Did you know that in Panama, black-handed spider monkeys like fruits high in ethanol? Many think this demonstrates how humans’ love of liquor developed over time.
The “drunken monkey” hypothesis is one that implies that our love of alcohol derives from our primate ancestors’ eating habits, which may be substantiated by recent studies that have been published in the scientific journal Royal Society Open Science.
The study suggests that human beings’ propensity for alcohol consumption may result from our ancestral predecessors’ eating habits.
The concept, which was first advanced by biologist Robert Dudley of the University of California, Berkeley, assumes that animals that fruit as part of their diets are more inclined to consume somewhat overripe fruits because they contain a larger sugar content and more calories.
However, because of the sugar’s propensity to ferment, overripe fruit could generate ethanol, which might cause these animals to eat alcoholic fruits.
Animals from all around the animal kingdom have been seen to ingest ethanol-rich fruit, but it is unknown if non-human primates can metabolize alcohol to absorb its calories. Dudley and his colleagues traveled to Barro Colorado Island in Panama to do research there because it is home to native spider monkeys that frequently consume the delicious fruit of the jobo tree.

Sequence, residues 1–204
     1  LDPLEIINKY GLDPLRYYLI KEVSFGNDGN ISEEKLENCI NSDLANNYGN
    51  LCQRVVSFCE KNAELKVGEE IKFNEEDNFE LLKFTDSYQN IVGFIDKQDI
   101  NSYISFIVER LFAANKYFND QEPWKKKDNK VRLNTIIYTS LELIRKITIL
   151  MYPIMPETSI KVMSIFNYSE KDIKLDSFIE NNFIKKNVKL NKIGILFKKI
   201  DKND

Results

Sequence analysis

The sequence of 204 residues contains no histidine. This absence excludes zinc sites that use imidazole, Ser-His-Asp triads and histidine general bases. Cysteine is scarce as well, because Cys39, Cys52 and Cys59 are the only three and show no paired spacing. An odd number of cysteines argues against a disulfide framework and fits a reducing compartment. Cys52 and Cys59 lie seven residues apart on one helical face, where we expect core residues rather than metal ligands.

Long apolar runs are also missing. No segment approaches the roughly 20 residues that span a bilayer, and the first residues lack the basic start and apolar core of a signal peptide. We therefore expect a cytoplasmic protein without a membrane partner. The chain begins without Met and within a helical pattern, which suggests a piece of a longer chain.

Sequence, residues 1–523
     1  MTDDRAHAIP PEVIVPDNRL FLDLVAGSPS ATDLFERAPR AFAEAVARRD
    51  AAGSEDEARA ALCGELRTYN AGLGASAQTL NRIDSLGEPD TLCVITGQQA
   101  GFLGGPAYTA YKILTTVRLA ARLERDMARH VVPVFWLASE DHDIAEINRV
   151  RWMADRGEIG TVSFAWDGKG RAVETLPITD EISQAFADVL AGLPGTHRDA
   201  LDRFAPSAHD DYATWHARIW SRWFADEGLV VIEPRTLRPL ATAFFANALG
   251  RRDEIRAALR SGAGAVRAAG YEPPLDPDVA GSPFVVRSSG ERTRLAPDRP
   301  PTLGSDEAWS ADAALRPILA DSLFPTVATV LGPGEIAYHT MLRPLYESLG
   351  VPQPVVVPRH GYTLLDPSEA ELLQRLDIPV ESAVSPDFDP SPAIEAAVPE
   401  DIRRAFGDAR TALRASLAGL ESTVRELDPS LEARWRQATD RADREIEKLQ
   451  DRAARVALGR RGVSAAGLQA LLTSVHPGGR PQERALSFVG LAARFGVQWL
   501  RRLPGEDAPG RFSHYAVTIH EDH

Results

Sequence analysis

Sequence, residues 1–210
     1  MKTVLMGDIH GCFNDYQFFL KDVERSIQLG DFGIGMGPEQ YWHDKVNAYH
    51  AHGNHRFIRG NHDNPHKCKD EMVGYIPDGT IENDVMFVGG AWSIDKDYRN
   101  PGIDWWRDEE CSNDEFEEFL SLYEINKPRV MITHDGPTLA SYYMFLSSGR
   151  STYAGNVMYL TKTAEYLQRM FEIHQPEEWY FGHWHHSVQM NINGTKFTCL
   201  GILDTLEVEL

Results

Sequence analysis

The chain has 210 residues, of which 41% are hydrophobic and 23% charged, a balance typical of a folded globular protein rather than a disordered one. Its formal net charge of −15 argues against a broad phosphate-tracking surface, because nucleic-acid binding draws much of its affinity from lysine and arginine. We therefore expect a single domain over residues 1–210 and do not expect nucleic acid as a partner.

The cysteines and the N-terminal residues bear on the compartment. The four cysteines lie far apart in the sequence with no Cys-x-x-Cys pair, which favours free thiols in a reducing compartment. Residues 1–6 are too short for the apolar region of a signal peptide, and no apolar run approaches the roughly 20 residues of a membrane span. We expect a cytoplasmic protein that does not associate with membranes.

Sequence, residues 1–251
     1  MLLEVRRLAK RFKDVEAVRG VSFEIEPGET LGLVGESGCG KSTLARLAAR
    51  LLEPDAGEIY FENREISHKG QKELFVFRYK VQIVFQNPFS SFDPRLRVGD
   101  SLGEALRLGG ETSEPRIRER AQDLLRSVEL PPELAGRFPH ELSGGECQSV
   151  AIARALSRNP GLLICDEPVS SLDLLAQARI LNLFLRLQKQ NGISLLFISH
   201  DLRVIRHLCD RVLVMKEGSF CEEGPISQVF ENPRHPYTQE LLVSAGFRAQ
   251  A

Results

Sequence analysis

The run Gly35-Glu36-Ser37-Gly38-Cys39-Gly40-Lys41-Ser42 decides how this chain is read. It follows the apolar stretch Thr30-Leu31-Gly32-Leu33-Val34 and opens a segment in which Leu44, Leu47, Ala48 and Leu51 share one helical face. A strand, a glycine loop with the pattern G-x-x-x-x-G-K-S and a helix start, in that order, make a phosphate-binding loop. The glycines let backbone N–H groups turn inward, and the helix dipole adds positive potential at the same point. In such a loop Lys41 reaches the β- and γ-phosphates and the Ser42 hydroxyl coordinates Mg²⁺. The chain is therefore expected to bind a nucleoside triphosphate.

The pulp of half-consumed fruit that foraging monkeys left behind contained a range of 1 to 2 percent ethanol, proving that these monkeys do, in fact, prefer alcoholic fruits.
Researchers gathered urine specimens from six hunting spider monkeys to enhance their research, and they discovered that five of these six contained alcohol metabolites in their urine. This verified their original skepticism about whether these animals could digest alcohol and obtain its calories.
Although the Panamanian monkeys don’t drink enough ethanol to get intoxicated, Dudley said that the fact that they do suggests that “human ancestors may similarly have preferentially picked ethanol-laden fruit for ingestion” because of its calorific content.
In essence, Dudley was saying that we may have developed a fondness for alcohol because we descended from fruit-eating, alcoholic primates that sought out fermented sugar for a higher caloric value.
Our present fondness for alcohol has turned us into true drunken monkeys, even though our early primate relatives may have benefited from this affection in certain ways.
Alcoholism has clearly become a major public health issue, and while our natural tendencies are not enough to justify our problem, they do provide a useful starting point for figuring out effective solutions.
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